Adding 1GB Computer SDR SDRAM to Your Desktop
Adding 1GB more memory of RAM to your computer is a good way to help it perform better. RAM stands for random access memory, and it assists your computer in carrying out specific functions. There are many types of RAM, including SDRAM and SDR SDRAM.What is the difference between SDRAM and SDR SDRAM?
SDRAM stands for synchronous dynamic random access memory. The SDR in front of it stands for single data rate. It just means that SDR SDRAM can only transfer a single piece of data at a time. This is different from DDR (double data rate) SDRAM, which can transfer twice as much information.Whats the difference between SDRAM and other types of RAM?
While there are a lot of RAM types out there, its fairly easy to tell them apart. SDRAM is the only type of RAM that has two notches at the bottom of the card. These two notches keep the RAM from fitting into PC motherboards that dont accept that type of unit. Its a safety lockout precaution that RAM manufacturers use to help prevent damage to your computer.What is the clock speed of SDRAM?
The speed of the memory depends on the SDR SDRAM itself and not on the GBs. SDR can only accept one piece of transfer data or command per clock cycle. In general, the higher the clock speed, the more expensive the piece of SDRAM. However, PCs benefit from SDRAM with higher clock speeds, which is measured in Mhz. While these clock cycles vary, those for SDR may include:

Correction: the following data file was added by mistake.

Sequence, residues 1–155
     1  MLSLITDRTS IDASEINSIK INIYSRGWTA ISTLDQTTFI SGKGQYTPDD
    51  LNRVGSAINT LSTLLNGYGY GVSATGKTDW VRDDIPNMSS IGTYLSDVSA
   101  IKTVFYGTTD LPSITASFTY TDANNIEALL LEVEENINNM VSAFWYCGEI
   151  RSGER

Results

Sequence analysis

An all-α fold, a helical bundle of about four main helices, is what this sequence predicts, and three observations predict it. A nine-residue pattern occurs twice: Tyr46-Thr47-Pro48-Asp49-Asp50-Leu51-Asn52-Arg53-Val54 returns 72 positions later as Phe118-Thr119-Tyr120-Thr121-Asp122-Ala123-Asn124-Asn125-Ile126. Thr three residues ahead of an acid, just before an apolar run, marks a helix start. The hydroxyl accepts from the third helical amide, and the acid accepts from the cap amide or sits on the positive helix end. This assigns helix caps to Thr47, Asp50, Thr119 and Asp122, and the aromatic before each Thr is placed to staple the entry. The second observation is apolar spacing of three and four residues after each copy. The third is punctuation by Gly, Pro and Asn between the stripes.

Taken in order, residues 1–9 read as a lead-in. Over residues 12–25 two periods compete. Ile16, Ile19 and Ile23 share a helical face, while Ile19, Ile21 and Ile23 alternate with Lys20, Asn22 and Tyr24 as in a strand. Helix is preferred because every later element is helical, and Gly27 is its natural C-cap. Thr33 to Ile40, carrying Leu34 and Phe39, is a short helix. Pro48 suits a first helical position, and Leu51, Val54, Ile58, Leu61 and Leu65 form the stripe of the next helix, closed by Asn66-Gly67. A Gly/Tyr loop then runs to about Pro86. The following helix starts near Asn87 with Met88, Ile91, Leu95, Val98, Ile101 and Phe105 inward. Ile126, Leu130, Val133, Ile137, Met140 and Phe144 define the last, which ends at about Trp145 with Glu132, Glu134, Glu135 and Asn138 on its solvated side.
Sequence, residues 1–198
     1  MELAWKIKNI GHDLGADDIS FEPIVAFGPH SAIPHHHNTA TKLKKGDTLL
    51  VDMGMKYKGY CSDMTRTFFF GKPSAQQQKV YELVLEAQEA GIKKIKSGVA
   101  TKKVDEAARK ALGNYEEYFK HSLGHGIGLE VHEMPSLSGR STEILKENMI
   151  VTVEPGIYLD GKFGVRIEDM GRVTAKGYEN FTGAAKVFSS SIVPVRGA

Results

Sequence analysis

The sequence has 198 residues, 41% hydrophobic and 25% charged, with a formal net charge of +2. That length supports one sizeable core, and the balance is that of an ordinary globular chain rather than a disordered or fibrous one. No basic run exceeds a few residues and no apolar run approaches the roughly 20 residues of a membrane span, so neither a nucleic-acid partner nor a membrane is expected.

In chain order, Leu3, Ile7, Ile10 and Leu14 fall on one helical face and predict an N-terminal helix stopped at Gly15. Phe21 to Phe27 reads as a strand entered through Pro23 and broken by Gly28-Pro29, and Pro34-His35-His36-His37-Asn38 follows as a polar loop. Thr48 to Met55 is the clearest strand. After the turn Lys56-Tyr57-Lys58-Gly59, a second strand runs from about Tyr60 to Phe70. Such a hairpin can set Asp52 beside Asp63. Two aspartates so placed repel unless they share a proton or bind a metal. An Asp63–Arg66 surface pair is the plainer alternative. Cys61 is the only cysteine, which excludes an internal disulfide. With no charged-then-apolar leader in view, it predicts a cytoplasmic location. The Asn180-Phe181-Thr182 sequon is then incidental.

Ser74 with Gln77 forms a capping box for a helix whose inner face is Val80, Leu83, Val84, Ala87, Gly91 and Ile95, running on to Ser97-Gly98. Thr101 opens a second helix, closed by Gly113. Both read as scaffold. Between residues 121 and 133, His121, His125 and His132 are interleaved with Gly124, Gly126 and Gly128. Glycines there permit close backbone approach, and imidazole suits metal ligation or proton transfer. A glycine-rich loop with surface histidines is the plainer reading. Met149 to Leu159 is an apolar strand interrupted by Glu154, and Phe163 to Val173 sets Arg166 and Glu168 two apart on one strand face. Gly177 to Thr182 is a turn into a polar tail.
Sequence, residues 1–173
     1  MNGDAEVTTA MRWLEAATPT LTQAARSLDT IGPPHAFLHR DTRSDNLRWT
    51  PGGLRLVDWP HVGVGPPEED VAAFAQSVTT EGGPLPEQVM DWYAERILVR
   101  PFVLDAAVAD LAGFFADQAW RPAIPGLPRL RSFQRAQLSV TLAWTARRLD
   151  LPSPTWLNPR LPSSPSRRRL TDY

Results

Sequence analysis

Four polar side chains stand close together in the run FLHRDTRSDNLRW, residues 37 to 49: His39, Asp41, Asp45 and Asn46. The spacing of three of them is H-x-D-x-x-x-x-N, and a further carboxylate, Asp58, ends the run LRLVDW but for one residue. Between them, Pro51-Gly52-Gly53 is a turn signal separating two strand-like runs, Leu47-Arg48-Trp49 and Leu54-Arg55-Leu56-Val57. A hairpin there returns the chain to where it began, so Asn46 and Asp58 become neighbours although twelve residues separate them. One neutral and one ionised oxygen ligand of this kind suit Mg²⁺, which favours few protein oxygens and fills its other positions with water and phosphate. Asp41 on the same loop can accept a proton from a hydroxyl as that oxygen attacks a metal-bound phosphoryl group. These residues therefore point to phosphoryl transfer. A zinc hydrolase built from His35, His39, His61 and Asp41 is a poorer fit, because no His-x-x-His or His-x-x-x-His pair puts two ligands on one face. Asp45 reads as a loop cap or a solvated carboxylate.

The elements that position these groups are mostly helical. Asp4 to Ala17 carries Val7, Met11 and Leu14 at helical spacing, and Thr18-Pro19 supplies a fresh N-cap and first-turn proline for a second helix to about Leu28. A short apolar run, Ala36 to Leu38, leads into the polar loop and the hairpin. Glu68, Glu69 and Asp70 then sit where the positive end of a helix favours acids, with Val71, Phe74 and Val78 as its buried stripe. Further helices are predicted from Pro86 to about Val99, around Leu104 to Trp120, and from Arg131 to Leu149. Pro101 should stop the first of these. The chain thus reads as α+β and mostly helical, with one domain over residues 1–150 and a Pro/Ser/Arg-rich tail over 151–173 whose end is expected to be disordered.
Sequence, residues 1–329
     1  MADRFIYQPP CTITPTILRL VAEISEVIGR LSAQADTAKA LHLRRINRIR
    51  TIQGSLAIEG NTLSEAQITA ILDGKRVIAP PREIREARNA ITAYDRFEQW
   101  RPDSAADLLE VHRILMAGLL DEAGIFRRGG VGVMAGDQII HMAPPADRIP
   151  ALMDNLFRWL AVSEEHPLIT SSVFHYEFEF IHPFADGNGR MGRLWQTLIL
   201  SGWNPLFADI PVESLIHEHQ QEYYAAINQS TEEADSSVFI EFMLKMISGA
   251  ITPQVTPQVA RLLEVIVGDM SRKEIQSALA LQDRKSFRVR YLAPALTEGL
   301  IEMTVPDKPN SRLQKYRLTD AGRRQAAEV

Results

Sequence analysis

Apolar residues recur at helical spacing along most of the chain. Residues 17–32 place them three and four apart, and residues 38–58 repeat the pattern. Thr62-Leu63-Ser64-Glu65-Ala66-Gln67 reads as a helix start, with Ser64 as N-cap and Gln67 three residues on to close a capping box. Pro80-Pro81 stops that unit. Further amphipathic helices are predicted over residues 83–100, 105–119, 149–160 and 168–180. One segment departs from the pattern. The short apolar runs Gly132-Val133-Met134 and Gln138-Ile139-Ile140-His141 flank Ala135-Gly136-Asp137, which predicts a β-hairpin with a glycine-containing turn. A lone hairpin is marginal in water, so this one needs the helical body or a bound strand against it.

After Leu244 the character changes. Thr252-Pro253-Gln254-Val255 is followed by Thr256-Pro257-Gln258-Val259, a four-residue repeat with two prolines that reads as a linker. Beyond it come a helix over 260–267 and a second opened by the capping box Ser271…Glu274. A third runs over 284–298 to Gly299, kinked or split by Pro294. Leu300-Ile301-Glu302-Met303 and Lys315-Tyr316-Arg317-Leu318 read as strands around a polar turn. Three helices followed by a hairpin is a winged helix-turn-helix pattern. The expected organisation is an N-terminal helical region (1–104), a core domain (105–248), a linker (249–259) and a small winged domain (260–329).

When you are considering getting more RAM for your computer, you may come across memory that has ECC in its name. ECC stands for error-correcting code. It refers to memory that has the ability to fix the most common types of data errors that memory typically faces.What does GB mean when searching for computer memory?
When you search for computer memory, GB refers to gigabyte. It lets you know how much temporary data the memory card can store at one time. For example, 1GB RAM can store 1GB of temporary data. This is equal to 1,000,000,000 bytes or 1000MB (megabytes). When dealing with such large numbers, its easier to use GB. The higher the number, the more temporary data RAM can store at a time. However, the amount of SDRAM that your computer can access depends on the operating system. A 32-bit OS can only access roughly 4GB of RAM at a time. A 64-bit OS, however, can access up to 16 EB (exabytes) of memory at a time.